Originally published in the Charlotte Observer
By Rev. Sharon Risher
I know what it means to have my faith tested. Eight years ago this week, I was a hospital chaplain in Dallas, Texas, when I got the shattering news: My mother and two cousins were among nine people shot to death at Emanuel AME Church in Charleston. They welcomed a stranger into their sacred space and were killed for no other reason than the color of their skin.
Since that terrible day, my life has completely transformed. I faced my loved ones’ killer at his trial and watched as he was sentenced to death. Traumatized and exhausted, I left my job in Texas and moved to be near my children in Charlotte. I published a book and now travel the country speaking about my experience.
However, the most important thing has not changed. My faith tells me that every human being has the potential for redemption and the death penalty is immoral. That’s why I’m joining people of faith from across North Carolina in asking Gov. Roy Cooper to commute our state’s 136 death sentences to prison terms.
I am one of more than 300 leaders from all of our state’s major faith traditions who signed a letter asking the governor to use his power to reduce extreme sentences. A commutation is not a pardon, and it does not exonerate or excuse a person from punishment; a person could receive a commutation and remain in prison for life. In this case, commutations would ensure that unjust and racist executions are never carried out in our names.
I was shocked when I learned that even though North Carolina stopped executing people in 2006, we still have the fifth largest death row in the country. A disproportionate number of those people are Black, and more than half of them were sentenced by overwhelmingly white juries.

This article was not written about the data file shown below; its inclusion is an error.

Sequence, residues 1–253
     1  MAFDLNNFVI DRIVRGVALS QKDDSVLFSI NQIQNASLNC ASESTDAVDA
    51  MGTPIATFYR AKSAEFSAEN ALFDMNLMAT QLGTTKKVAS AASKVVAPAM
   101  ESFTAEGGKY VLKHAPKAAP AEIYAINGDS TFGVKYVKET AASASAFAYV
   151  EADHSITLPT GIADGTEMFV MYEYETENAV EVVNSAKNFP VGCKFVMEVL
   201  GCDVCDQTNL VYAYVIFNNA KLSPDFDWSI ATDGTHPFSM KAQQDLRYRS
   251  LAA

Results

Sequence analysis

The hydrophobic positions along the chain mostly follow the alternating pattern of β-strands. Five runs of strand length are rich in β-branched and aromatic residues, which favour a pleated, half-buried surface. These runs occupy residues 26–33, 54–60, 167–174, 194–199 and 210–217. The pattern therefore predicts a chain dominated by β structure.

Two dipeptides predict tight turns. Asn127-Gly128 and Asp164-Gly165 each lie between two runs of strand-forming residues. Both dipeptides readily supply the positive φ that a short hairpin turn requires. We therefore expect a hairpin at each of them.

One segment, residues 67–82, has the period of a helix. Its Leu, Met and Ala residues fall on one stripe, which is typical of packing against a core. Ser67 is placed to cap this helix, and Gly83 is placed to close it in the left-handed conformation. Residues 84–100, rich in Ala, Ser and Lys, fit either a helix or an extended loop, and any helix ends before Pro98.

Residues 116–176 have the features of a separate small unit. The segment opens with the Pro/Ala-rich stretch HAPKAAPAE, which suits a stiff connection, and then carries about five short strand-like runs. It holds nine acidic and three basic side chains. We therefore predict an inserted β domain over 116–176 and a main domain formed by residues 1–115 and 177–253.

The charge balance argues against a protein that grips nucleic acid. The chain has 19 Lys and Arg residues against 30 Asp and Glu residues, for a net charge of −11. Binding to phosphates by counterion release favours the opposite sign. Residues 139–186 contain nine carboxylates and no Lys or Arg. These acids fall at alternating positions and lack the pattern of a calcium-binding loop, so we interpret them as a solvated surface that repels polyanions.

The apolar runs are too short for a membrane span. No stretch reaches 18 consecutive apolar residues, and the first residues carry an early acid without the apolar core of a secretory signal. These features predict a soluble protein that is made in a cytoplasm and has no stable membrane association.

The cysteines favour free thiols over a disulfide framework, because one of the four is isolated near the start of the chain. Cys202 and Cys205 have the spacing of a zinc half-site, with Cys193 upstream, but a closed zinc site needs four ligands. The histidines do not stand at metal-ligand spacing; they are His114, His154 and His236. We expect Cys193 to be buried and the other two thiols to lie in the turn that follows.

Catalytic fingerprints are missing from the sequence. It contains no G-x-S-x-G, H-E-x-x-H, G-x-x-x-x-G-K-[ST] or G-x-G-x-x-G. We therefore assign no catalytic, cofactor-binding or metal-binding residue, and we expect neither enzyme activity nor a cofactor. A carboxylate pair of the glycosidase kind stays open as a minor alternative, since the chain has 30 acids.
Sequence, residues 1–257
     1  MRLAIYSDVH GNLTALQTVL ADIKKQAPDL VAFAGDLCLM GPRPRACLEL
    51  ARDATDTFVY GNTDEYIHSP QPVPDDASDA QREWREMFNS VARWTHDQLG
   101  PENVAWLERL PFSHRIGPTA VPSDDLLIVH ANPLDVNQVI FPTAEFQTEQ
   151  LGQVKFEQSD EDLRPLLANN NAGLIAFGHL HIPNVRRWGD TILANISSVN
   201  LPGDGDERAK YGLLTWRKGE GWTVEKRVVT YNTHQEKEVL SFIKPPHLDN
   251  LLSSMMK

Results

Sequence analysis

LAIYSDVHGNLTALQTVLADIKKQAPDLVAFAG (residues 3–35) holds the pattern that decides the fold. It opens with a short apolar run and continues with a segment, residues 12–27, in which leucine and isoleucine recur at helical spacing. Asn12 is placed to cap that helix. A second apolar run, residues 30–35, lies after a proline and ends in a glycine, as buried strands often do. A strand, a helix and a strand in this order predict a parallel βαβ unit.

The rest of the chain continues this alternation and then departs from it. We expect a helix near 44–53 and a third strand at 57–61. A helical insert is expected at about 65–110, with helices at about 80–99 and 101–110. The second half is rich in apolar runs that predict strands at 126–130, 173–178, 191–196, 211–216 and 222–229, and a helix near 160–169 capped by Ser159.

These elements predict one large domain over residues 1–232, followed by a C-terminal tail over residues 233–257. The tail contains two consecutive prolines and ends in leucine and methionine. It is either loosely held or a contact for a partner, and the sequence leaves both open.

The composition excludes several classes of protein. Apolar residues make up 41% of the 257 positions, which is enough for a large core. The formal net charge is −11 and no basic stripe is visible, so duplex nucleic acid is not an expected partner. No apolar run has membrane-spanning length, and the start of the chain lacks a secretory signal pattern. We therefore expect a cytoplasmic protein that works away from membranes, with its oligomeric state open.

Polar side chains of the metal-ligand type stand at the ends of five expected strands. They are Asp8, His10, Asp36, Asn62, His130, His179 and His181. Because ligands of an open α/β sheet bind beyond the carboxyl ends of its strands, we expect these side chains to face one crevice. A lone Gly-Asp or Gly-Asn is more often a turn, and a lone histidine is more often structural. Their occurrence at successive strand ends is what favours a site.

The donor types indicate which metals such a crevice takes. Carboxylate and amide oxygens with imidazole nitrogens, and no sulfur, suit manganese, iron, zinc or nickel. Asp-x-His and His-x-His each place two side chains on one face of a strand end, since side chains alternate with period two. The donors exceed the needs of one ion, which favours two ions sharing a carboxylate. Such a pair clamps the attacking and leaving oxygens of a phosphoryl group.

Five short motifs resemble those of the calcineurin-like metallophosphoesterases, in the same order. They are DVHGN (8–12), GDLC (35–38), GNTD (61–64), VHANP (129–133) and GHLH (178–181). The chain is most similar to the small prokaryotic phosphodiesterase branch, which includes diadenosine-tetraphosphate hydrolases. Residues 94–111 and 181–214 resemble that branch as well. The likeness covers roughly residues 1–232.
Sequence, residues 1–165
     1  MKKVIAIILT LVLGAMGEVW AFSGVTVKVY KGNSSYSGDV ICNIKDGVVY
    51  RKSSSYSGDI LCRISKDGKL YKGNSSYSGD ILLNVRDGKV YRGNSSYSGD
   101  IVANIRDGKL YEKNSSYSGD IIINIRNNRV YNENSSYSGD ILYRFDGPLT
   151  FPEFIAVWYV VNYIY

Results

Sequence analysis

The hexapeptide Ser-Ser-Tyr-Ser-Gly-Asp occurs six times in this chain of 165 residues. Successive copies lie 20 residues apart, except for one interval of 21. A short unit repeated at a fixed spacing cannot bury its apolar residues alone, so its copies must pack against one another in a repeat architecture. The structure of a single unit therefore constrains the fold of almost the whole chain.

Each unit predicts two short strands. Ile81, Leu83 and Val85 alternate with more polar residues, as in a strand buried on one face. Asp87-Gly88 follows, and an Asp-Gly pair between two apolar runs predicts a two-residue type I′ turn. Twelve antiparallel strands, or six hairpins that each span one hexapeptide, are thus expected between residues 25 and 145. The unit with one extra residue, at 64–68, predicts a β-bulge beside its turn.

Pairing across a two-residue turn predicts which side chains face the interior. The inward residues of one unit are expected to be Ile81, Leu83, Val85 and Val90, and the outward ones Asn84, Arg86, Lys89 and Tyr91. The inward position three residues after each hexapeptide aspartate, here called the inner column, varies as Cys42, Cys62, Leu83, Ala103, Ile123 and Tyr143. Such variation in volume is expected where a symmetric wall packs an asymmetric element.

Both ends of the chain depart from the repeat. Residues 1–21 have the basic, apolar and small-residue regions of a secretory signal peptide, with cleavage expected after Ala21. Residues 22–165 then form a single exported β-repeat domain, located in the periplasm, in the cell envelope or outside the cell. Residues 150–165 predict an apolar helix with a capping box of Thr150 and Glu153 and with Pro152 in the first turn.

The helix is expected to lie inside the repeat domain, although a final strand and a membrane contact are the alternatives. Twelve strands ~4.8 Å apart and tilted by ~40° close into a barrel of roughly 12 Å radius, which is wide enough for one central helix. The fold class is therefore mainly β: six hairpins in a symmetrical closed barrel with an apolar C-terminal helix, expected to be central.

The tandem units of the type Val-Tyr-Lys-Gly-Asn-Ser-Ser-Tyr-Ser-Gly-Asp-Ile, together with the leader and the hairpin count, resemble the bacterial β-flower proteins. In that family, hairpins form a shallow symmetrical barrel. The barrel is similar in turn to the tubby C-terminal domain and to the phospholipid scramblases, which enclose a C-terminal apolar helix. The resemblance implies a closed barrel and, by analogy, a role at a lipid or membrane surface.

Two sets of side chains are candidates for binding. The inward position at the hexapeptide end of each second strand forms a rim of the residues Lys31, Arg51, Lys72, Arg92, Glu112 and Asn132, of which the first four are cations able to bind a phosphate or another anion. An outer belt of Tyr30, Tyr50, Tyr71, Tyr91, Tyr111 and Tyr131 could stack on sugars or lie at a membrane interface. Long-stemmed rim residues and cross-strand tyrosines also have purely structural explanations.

I also learned that twelve people have been exonerated from death row in our state, and eleven of them were people of color. They were sentenced to death despite being innocent. Considering the many inequities and errors of our criminal legal system, there are surely more innocent people who still sit on death row.
As a person of faith, I cannot stand by while innocent people are sent to death row and racism infects a system that determines who lives and who dies. That’s why I have joined with the N.C. Coalition for Alternatives to the Death Penalty, which in December, launched a commutation campaign led by people like me who have lost loved ones to murder. Now, people of faith and families who have experienced homicide are standing side by side to call for an end to North Carolina’s death penalty.
I can tell you from difficult personal experience that the death penalty will not heal my pain or create a more just world. Instead of fighting for an execution, I’m fighting for common sense gun laws that would prevent more people from being senselessly gunned down in churches and schools and countless other places. Gov. Cooper should do the same by focusing on public safety measures that work, and leaving behind a broken death penalty system.
I also speak openly about how my faith has led me to forgiveness. Forgiving my mother’s killer has freed me from the grip of anger and grief. My loving memories of my mother are no longer clouded with hatred for her killer.
After such a terrible crime, getting to a place of forgiveness was a long and painful journey. I’m not asking Gov. Cooper to go even half that far. I’m only asking him to ensure that people on North Carolina’s death row can live out their God-given lives in prison. With that action, he could send a message that North Carolina is ready to enter a new era in which killing does not masquerade as justice.
Rev. Sharon Risher is a speaker, author, and spokesperson for Everytown for Gun Safety and Death Penalty Action. Her book, For Such a Time As This: Hope and Forgiveness After the Charleston Massacre, was published in 2019. She lives in Charlotte.